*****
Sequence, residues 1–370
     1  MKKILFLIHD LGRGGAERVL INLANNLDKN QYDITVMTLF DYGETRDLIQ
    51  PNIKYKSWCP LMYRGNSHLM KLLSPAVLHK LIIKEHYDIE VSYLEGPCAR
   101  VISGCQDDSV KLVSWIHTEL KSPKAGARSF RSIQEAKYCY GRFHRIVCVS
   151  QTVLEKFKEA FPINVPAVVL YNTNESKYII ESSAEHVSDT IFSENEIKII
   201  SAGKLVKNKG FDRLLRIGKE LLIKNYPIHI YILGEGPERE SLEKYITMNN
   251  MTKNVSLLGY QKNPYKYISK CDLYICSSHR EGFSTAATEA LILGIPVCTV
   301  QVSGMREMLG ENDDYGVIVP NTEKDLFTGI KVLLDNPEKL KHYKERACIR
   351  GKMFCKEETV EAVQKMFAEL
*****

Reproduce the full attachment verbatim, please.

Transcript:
Sequence, residues 1–370
     1  MKKILFLIHD LGRGGAERVL INLANNLDKN QYDITVMTLF DYGETRDLIQ
    51  PNIKYKSWCP LMYRGNSHLM KLLSPAVLHK LIIKEHYDIE VSYLEGPCAR
   101  VISGCQDDSV KLVSWIHTEL KSPKAGARSF RSIQEAKYCY GRFHRIVCVS
   151  QTVLEKFKEA FPINVPAVVL YNTNESKYII ESSAEHVSDT IFSENEIKII
   201  SAGKLVKNKG FDRLLRIGKE LLIKNYPIHI YILGEGPERE SLEKYITMNN
   251  MTKNVSLLGY QKNPYKYISK CDLYICSSHR EGFSTAATEA LILGIPVCTV
   301  QVSGMREMLG ENDDYGVIVP NTEKDLFTGI KVLLDNPEKL KHYKERACIR
   351  GKMFCKEETV EAVQKMFAEL